jerems said...

I think it would be a mistake to look at our majority as a two year opportunity to pass things before we get kicked out again. I think we should start passing things can win more support from all the moderates and conservatives out there that finally opened their goddamn eyes. the last 6 years has seen little or no restraint on the part of the executive, or the legistlative branches. With the recent appointments of Alito and Roberts, the Judicial could slip away as our last line of defense. I'm not saying that compromise should be something for our principles, but the Democrats could secure their own legacy as an answer to rampant government spending, American Imperialism, the elimination of faith based legislation and government mandates on spending in our schools, and the list goes on and on. At the end of the ride, Republicans have found themselves doubting our path, not because Bush in entering the last two years of his office, and not because their constituents are unhappy, but because they genuinely disagree with policy, and with the direction we are taking. The rhetoric and the allegiance to the party are something that took this administration to a place where few dared to challenge their ideas. That time is over, and few will find themselves preaching so loudly in the face of massive discontentment, and a willingness to accept change. If I thought that the democrats were going to steer this country all the way to the left, I would stop voting. I don't think that the middle of the road is necessarily where we want to travel, but I don't want to be on either shoulder. If we spend the next 2 years sending legislation to Bush that is going to be vetoed, then I think we'd be wasting our time. I am hoping that we will instead spend our time passing laws that minimize the damage that has been done, and unravel the conservative base even further.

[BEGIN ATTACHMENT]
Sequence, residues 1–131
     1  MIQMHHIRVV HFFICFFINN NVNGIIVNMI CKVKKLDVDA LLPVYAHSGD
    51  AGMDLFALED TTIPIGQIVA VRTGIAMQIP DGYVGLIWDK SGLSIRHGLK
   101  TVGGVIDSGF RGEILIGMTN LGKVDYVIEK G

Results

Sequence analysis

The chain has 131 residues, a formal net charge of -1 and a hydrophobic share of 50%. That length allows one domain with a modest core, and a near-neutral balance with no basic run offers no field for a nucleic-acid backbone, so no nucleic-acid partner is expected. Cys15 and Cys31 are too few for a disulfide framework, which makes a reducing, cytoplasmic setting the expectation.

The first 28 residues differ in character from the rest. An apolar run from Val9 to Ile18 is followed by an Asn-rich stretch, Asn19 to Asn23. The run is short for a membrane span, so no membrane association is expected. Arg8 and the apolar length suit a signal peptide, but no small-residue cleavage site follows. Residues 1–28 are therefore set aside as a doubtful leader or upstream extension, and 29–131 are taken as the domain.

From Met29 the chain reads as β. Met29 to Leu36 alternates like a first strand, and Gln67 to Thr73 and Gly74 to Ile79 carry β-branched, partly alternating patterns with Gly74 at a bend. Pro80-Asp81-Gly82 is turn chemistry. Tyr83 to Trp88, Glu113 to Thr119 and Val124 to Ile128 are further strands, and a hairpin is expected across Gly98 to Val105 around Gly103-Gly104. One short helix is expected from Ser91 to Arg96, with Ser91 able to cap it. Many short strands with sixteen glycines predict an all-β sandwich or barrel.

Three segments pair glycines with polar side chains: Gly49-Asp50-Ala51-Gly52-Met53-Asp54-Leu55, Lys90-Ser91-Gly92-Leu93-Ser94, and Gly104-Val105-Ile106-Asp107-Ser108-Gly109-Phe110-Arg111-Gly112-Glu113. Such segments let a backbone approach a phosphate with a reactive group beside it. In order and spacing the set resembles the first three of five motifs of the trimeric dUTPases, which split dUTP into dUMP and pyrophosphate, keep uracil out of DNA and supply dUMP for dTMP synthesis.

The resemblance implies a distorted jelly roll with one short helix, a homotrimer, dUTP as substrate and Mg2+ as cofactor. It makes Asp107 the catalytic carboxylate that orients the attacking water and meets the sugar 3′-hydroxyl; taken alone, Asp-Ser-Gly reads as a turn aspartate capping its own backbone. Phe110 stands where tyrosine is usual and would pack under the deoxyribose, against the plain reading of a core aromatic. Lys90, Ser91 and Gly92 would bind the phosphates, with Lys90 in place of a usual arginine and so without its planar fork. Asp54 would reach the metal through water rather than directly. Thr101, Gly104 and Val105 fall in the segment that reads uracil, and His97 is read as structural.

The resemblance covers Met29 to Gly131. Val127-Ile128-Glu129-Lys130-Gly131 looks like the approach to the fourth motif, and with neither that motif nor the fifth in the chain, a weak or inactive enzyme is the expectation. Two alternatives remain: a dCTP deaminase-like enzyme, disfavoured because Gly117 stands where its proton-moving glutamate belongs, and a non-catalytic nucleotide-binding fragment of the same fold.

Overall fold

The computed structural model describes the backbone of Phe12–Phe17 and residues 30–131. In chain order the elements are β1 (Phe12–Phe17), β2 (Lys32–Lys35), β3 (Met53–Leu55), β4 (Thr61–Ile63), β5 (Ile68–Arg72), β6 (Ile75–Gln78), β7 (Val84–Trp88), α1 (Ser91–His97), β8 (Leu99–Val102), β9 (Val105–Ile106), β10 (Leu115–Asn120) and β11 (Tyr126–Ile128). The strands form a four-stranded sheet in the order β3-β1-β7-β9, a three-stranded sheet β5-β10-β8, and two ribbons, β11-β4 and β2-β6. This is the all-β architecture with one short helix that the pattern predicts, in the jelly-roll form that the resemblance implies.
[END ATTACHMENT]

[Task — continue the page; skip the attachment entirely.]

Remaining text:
Andrew said...

I agree that there needs to be some compromise or nothing will happen but we also have to pass some legislature that liberal democrats can stand behind and say, "look, see, now that wasn't so bad was it? In fact the world is better because of it!" That kind of legislature is not going to be a compromise.

I think Bush will veto some bills and not others but if enough legislature gets pushed and enough of the country supports those ideas then it will not matter if he uses a veto because the senate will be able to override it with a two-thirds vote. Some of those states where a republican senator won by a very small margin will be forced to start accepting more liberal ideas if they want to stick around in six year (assuming democrats can keep up the momentum they have created until 2008). My guess is that Bush will have to let some legislature through that he would like to veto in order to keep his party looking good for 2008.

Andrew said...

Yeah, I'm dumb. Legislation not legislature...

Ian said...

So using that logic, can we predict which pieces of legislation Bush may veto versus which ones he'll pass in order to retain some respect for the Republican base?

Stem cell research? - I think he will fight this.

Raising minimum wage? - Pass

Ending oil subsidies? - Hmm...

Lobbying reform? - Hmm...